A Georgia school district must take immediate action to stop a middle school teacher who has been boastfully proselytizing students, the Freedom From Religion Foundation is insisting.
Jenny Savoy, a reading enrichment teacher at Richards Middle School in Gwinnett County, Ga., has been openly bragging on Facebook about using her position to convert students to Christianity. She runs a religious club at her middle school and regularly preaches to students. For instance, she posted a photo on Facebook on Aug. 4 displaying a New Testament quote that she’s added to her “wall of quotes”: “I am the way, the truth, and the life. No one comes to the Father except through me. – Jesus Christ.”
Savoy had a Facebook post on Sept. 11 explaining that the school’s principal allowed her to start a prayer group with students: “Thankful for an amazing principal who allowed me to start this. God is going to move in our school!”
Savoy stated in a Facebook post on Sept. 18 that she would be posting a religious message on her filing cabinet so that students will see that she is praying for them. She gushed in the post:
I love, love, LOVE my church! It is a breath of fresh air. They gave us these magnets today to put on our refrigerator and write a different name of someone we will pray for each day, by mine is going on my filling cabinet for my students to see their names on it.
Disturbingly, Savoy described in detail in a Facebook post on Sept. 20 how she has been using the prayer club to lure students to her faith:
Let me remind you how cool God is!!!
There is a girl in my class who I believe by the end of the year, will give her heart to Jesus. She claims to be agnostic. Last week I invited her to come to Surge (the before school Christian club) because I was speaking. She came! Not only that, she came again this week! We talked a while and I prayed for her. The Holy Spirit led me to share my story with her. I invited her to come to my classroom today during her lunch period (I don’t have students at that time). She came and I shared what I was like at her age and how desperately I needed Jesus. She could relate to so much of my story.
If that wasn’t cool enough for you… I took her to the faculty vending machine to get a snack. Every time she put the last two coins in, the machine would spit them back out. She must have tried 5 times. I tried 2 more. Then I put my hand on the machine and said, “Jesus, please make this machine accept our money.” She laughed, but I also saw curiosity on her face. I said, “I’m serious. He will do this just to show you He’s real. He cares about you.” After I prayed, she put the coins in, and guess what happened! I wish you could have seen her eyes! She was utterly amazing.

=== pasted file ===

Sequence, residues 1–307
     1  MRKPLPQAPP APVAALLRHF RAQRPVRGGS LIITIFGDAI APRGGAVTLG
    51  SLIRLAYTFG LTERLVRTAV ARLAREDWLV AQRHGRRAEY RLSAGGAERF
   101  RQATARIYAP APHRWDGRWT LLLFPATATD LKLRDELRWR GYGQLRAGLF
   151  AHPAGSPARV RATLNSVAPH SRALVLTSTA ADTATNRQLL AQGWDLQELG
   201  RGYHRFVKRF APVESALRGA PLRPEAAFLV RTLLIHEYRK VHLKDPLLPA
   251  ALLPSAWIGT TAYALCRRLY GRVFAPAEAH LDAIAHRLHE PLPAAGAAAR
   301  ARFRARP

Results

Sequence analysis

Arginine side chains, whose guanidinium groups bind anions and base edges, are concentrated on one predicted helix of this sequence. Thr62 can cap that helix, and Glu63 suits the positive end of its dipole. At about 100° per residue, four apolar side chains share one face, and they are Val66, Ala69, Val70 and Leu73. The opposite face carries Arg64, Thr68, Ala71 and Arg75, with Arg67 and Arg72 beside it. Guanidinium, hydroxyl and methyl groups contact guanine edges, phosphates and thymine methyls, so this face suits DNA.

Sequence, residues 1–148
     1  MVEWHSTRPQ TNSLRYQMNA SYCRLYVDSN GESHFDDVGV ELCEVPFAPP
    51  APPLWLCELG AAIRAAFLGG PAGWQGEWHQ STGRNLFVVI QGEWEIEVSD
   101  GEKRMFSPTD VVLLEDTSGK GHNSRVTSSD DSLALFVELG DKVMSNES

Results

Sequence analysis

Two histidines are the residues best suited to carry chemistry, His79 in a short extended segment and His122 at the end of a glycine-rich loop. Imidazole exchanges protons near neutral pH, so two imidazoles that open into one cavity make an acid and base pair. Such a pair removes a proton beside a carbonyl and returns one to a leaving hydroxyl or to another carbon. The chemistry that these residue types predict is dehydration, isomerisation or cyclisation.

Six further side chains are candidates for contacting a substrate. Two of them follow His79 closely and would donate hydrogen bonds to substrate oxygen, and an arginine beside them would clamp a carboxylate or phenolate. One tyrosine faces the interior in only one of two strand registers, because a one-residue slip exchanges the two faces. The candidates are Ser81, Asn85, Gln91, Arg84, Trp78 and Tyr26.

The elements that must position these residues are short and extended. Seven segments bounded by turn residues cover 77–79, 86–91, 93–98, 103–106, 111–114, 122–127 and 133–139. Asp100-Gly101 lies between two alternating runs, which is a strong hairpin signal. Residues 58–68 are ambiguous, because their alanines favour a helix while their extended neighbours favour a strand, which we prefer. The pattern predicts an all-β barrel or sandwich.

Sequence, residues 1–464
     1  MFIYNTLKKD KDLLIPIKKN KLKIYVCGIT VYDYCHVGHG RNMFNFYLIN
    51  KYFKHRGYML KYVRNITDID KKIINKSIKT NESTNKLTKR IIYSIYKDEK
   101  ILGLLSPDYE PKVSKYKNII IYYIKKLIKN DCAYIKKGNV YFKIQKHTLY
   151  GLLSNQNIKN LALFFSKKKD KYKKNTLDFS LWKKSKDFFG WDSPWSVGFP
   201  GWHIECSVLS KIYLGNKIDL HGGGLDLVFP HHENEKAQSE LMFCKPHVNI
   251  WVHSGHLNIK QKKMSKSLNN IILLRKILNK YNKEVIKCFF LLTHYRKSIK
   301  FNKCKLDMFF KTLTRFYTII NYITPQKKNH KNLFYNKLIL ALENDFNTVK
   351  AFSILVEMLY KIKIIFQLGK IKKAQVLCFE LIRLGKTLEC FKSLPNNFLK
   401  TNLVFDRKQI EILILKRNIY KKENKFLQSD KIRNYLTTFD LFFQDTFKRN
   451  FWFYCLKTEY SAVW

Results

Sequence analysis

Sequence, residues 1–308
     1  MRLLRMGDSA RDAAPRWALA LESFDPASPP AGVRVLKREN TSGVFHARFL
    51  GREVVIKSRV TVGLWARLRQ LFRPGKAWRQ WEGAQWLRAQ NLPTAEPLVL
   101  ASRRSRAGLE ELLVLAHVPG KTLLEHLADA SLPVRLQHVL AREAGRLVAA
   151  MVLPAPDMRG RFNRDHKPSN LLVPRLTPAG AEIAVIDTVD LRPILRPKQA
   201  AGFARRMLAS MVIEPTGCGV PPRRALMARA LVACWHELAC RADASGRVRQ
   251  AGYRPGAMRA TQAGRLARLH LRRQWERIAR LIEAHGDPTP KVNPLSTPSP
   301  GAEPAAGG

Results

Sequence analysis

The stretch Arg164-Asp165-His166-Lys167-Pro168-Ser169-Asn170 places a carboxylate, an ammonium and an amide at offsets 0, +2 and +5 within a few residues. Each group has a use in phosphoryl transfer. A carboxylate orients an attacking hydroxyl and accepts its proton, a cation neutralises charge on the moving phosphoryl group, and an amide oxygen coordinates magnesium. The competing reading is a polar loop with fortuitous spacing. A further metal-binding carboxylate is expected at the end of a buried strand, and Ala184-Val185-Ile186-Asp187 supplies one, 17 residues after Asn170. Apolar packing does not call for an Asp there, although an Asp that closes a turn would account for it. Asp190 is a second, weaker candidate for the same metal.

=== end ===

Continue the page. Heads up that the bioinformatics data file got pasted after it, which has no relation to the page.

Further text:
I am so, so, so thankful for the opportunity to make a difference in the lives of students, and so thankful for a God who loves so extravagantly!
I can’t give her name, but please pray for Jenny’s 8th grader. [Emphasis added.]
Savoy followed up about this student she is targeting for conversion with a post on Sept. 29: “I gave my ‘8th grader’ a Bible and journal today. I can’t wait to see what God does in her life. Keep praying for her please.”
Gwinnett County Public Schools must immediately investigate this disturbing behavior and terminate Savoy’s employment if her accounts are confirmed, FFRF is demanding.
“If Ms. Savoy is incapable of teaching without abusing her position to convert students to her personal religion, which appears to be the case, she must be terminated,” FFRF Staff Attorney Chris Line writes in a letter to Superintendent Calvin J. Watts. “Given her egregious behavior, Ms. Savoy should be terminated, and administrators at the school should be reprimanded and reminded of their duties under the law. Ms. Savoy has demonstrated that she is not willing to put her students and her secular position as a teacher ahead of her desire to proselytize and push her personal religious beliefs.”
It is well settled that public schools may not show favoritism toward or coerce belief or participation in religion, FFRF reminds the school district. Public schools have a constitutional obligation to remain neutral toward religion and to protect the rights of conscience of young and impressionable students.
And it isn’t a violation of the free speech rights of teachers when a school district regulates what they teach to students while acting in their official capacities, FFRF emphasizes. Teachers have access to a captive audience of students due to their position as public educators. Therefore, the district must regulate religious proselytizing during the school day. Courts have upheld the termination of teachers who violate the principle of separation between church and state.
“This sort of predatory conduct cannot be tolerated in our public schools,” says FFRF Co-President Annie Laurie Gaylor. “The freedom of conscience of students, especially those belonging to minority religions — and no religion at all — is in grave jeopardy under such teachers. The district must act to protect its students immediately.”
The Freedom From Religion Foundation is a national nonprofit organization with more than 38,000 members and several chapters across the country, including more than 600 members and a chapter in Georgia. Its purpose is to protect the constitutional principle of separation between state and church.